A group of hacker activists are developing a suite of tools to strike back at the culture of silence and isolation that surrounds harassment, coercion and assault. There are currently seven such tools, each of which focuses primarily on a dating site or social network (which, face it, most of us use as dating sites), though some target apps. Depending on the website or app that the tool is designed for, it has a different capability.
“Previous online attempts to address rape culture have done so by drawing on demonstrably-effective offline tactics,” writes one of the developers. “We see conversations about awareness-raising, education, giving the silenced a voice, protecting survivors from re-victimization and triggering situations, etc. that echo the efforts of hardworking feminist and sexual violence-prevention advocacy groups in the analog world. These tools for fighting sexualized violence have been developed over decades of trial and error. They still make a powerful impact when translated to a new medium. However, they’re not enough. […] What’s exciting about the Internet isn’t that it provides a platform for us to fight rape culture in the same ways we’re used to only bigger and faster and with more animated gifs. What’s important is that the Internet gives us opportunities to address sexual violence in ways we haven’t even imagined yet.”
OKCupid’s Match Questions As An Early-Warning System
On the dating site OKCupid, where users answer questions to enable the site to match them with other users, the tool (called Predator Alert Tool for OKCupid, or PAT-OKC) looks for users’ answers to questions that might be concerning. Because OKCupid has increasingly made user answers more and more public (pushing them to be entirely public in 2010 by default), PAT-OKC streamlines the process through which users get to know one another on the dating site, thus enabling people to take a closer look at “concerning” answers to determine for themselves whether they answers are, in fact, something they should be worried about.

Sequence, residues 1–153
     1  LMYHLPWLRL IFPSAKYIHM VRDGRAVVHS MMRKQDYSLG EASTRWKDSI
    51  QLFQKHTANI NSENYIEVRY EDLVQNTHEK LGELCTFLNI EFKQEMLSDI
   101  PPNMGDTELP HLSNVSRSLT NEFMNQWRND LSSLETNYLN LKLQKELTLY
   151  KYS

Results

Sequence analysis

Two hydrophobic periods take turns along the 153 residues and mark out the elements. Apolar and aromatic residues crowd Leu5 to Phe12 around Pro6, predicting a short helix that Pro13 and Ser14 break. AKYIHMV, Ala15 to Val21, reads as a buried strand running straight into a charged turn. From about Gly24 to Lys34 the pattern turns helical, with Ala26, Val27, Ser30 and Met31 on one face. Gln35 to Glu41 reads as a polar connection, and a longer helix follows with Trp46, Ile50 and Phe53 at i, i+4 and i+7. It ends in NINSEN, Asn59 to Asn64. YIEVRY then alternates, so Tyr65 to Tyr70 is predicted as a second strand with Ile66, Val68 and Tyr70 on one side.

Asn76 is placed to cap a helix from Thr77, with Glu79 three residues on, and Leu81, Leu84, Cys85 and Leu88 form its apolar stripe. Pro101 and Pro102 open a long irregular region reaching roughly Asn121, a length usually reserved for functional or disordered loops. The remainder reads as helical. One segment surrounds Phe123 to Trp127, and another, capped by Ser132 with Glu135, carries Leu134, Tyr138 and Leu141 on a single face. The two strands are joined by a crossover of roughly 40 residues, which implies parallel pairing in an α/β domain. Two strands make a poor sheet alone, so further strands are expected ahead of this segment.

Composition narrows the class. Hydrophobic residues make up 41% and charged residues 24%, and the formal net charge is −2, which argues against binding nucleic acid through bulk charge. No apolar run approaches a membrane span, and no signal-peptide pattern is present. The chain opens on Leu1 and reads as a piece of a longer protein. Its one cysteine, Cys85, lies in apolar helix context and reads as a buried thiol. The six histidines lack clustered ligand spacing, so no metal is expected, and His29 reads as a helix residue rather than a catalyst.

Some of the questions that come baked into the tool as potential red flags are obvious, for example: “Have you ever been in a situation where you tried, but for various reasons did not succeed, in having sexual intercourse with an adult by using or threatening to use physical force (twisting their arm, holding them down, etc.) if they did not cooperate?” This question was famously used in the 2002 study Repeat Rape and Multiple Offending Among Undetected Rapists by David Lisak and Paul M. Miller, which found that if one describes a crime instead of using common terminology for it (such as “attempted rape,” in this case) perpetrators are more likely to admit to it. These findings were mirrored in a 2009 study, Reports of Rape Reperpetration by Newly Enlisted Male Navy Personnel by Stephanie K. McWhorter, et. al.
Of course, not all questions that seem concerning to the developers will be concerning to all users of PAT-OKC. For example, one of the questions the tool highlights as a red flag is “Have you ever choked someone who you were in some kind of intimate relationship with (e.g., you wrapped your hands or some object around their throat)?” Because the question is ambiguous in terms of consent (some people, after all, are fine with choking provided it is previously discussed, negotiated and consented to by all involved), it’s important for PAT-OKC users to take a look at all answers and make their own determination about each potential partner they encounter on the site.